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Table 1. List of the most important fossiliferous collections in Milia, with their local name, coordinates, and Number of Identified Specimens (NISP).
Table 1. List of the most important fossiliferous collections in Milia, with their local name, coordinates, and Number of Identified Specimens (NISP).
CollectionsLocal NameLongitudeLatitudeNISP
Milia-1 (MIL 1)Lophos (hill)40.1800861021.477638921
Milia-1a (MIL 1a)TsartsarakosAround Milia-1 site170
Milia-2 (MIL 2)Hydragogeio (drilling)40.1836047021.466936451
Milia-2a (MIL 2a)-Around Milia-2 site192
Milia-3 (MIL 3)Avraam Koufolakkia40.181981021.46915111
Milia-4 (MIL 4)Apagorevmeno40.1872233021.46943006
Milia-4a (MIL 4a)-Around Milia-4 site168
Milia-5 (MIL 5)Arap Tatsera40.1696233021.4600983200
Milia-5a (MIL 5a)-Around Milia-5 site2196
Milia-6 (MIL 6)Ambelia40.1755647021.46778642
Milia-6a (MIL 6a)Arkoudolakkos40.17555556021.467777786
Milia-7 (MIL 7)Kivotos quarry40.3172733021.2071033
Milia-8 (MIL 8)Kalogeros40.1913950021.47102330
Milia-9 (MIL 9)Vrissi40.17166667021.472222225
Milia-9a (MIL 9a)Mezaria40.17194444021.473888893
Milia-9b (MIL 9b)LivadiaAround Milia-9a site5
Milia-10 (MIL 10)Agios Nikolaos40.1728467021.20786112
Milia-11 (MIL 11)Alepotrypes40.31722222021.477783611
MILwith no specific locality data412
Table 2. Estimation of the minimum number of individuals per locality based on both NISP/MNI counting techniques. See Supplementary Materials for raw data.
Table 2. Estimation of the minimum number of individuals per locality based on both NISP/MNI counting techniques. See Supplementary Materials for raw data.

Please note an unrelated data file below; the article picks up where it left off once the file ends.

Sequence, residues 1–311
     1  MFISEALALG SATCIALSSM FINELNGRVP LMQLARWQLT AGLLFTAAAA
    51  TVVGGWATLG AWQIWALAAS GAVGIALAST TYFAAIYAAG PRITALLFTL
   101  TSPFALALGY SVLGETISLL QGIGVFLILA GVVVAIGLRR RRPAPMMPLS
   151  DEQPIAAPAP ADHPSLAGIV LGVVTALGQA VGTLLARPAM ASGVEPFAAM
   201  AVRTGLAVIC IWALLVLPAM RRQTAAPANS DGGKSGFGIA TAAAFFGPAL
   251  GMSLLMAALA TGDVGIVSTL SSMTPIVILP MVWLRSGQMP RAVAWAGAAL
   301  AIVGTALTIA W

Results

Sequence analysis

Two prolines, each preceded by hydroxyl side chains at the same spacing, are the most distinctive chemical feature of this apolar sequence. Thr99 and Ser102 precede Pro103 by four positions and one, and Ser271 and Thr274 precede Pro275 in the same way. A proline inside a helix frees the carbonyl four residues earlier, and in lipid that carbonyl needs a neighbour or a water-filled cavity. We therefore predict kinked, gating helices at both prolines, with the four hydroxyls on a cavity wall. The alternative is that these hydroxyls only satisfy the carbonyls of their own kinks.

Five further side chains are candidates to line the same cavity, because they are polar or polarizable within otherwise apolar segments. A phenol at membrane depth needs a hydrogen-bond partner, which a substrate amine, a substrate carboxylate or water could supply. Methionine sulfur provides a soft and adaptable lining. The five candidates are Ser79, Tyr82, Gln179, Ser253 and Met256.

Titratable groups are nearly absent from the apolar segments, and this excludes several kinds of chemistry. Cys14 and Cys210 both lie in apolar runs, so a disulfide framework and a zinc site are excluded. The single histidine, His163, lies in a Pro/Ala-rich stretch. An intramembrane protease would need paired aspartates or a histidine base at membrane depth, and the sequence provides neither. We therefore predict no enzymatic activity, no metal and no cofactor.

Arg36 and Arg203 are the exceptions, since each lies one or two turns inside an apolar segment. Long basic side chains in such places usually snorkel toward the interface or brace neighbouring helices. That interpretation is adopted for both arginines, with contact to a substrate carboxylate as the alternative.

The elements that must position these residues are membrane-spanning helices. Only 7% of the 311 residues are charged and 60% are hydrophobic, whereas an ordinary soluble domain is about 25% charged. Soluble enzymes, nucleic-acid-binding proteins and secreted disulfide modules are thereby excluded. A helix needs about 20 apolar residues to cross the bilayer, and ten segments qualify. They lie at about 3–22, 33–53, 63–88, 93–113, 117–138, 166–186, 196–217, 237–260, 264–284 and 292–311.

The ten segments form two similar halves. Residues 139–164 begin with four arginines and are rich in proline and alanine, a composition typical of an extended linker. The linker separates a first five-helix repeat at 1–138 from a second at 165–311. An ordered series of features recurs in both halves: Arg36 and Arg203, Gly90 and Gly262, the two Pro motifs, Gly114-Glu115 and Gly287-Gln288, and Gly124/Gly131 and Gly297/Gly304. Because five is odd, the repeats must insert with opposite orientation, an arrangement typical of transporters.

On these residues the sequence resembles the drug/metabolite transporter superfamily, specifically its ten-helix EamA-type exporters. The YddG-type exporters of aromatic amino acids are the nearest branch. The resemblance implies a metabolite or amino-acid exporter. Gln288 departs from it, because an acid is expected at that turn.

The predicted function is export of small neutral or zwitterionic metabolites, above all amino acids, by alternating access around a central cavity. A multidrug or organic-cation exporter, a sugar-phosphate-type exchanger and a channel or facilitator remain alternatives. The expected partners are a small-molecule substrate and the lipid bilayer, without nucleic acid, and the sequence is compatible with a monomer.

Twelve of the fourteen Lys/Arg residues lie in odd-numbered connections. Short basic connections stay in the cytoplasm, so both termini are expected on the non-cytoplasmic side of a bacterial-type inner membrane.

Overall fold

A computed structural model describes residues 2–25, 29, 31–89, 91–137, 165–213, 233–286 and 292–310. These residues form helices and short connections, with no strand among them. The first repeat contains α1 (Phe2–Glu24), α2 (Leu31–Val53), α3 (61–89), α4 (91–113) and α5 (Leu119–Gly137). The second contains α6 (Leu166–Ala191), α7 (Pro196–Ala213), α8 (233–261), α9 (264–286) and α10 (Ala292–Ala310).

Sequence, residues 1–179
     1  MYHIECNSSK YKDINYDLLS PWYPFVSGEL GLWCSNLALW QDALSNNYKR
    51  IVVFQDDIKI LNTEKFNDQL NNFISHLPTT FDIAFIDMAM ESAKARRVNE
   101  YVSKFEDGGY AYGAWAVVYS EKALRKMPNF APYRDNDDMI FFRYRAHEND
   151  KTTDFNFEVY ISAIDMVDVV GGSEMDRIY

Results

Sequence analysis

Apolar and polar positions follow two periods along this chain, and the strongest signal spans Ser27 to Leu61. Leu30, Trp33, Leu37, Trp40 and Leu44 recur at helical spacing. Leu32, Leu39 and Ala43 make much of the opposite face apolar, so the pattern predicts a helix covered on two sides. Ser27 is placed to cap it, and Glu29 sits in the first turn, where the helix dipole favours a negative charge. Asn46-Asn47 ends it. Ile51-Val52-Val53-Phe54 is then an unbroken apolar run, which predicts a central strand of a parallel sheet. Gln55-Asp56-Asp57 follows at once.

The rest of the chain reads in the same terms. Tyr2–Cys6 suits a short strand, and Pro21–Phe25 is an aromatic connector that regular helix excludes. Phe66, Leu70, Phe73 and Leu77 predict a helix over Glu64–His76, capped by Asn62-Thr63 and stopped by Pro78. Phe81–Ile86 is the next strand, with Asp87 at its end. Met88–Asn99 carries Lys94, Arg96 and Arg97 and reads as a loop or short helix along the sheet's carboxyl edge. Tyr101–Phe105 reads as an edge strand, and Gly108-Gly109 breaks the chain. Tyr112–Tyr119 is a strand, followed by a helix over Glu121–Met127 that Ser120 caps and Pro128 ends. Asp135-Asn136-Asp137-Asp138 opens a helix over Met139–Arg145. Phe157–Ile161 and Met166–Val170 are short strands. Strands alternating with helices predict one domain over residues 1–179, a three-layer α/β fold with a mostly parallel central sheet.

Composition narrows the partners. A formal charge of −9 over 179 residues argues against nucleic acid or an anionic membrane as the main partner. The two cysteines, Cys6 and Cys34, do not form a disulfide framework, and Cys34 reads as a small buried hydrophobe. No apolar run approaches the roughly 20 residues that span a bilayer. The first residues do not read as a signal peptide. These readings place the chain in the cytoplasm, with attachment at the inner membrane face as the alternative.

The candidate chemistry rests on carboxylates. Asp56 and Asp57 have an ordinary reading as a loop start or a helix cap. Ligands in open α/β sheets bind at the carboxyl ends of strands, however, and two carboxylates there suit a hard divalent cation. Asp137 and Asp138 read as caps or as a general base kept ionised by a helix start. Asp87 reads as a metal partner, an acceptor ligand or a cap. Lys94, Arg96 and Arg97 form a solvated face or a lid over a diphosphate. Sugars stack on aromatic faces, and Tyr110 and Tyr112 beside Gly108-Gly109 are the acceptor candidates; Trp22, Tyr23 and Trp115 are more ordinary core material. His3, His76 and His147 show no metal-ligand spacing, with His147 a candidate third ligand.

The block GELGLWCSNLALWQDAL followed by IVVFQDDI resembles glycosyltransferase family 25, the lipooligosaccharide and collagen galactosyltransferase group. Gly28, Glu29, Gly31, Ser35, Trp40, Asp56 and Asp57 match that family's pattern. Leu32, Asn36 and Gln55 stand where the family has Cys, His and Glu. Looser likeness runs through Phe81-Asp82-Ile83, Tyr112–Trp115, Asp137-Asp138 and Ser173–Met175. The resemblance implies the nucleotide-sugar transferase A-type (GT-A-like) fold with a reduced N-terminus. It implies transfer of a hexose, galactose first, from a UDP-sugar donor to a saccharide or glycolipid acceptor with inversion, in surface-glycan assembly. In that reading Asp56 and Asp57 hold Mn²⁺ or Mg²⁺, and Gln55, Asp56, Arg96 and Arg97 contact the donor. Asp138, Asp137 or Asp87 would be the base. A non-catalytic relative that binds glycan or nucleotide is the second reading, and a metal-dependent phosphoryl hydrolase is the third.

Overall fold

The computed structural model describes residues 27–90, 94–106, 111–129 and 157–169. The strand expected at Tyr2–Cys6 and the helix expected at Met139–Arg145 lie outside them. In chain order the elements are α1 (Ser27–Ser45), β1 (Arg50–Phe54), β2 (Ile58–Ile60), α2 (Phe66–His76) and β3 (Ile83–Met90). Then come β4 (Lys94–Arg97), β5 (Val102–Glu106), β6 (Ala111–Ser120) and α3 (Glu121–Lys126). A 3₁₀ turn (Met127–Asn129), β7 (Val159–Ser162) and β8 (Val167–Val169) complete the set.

TaxaMIL 5MIL 9MIL 10MIL 6MIL 1MIL 3MIL2MIL 4MIL 8MIL 7MIL 11Totals
M. borsoni10/81/11/13/24/21/12/25/22/11/12/132/12
A. arvernensis1/1-----1/1-1/1--3/3
T. a. arvernensis1/1-----1/1----2/2
S. jeanvireti19/61/11/12/12/12/14/34/31/11/11/138/20
Hipparion sp.8/63/11/1-2/1-3/31/1--1/119/14
S. a. arvernensis1/1---1/11/12/2----5/5
G. antiquus20/102/22/11/13/21/12/23/21/1--35/22
Alephis sp.1/1----------1/1
G. borbonica5/3-----2/21/1---8/6
C. ramosus23/13---2/21/13/22/1-1/1-32/20
P. cf. lyra1/1----------1/1
H. crenatidens1/1---1/1-1/1----3/3
Ursus etruscus1/1-----1/1----2/2
Agriotherium sp.2/2----------2/2
H. cf. refossa1/1--------- 1/1
Aves1/1----------1/1
Mauremys sp.3/3-----1/1----4/4
Titanochelon sp.1/1----------1/1
T. brevitesta2/2-1/1-1/1-1/13/2---8/7
NISP/MNI102/567/56/46/416/116/524/2219/125/43/34/3192/129
MNI, Minimum Number of Individuals; NISP, Number of Identified Specimens; bold denotes the maxima of each species across the localities.
Table 3. Various biodiversity indices based on the presence/absence of taxa in the various localities of Milia. Localities are sorted from the southernmost (MIL 5) to the northernmost one (MIL 11). See [19] for definitions of the indices and text for further details. Cells are colored from lowest (light grey) to highest (dark grey) value. See Supplementary Materials for raw data.
Table 3. Various biodiversity indices based on the presence/absence of taxa in the various localities of Milia. Localities are sorted from the southernmost (MIL 5) to the northernmost one (MIL 11). See [19] for definitions of the indices and text for further details. Cells are colored from lowest (light grey) to highest (dark grey) value. See Supplementary Materials for raw data.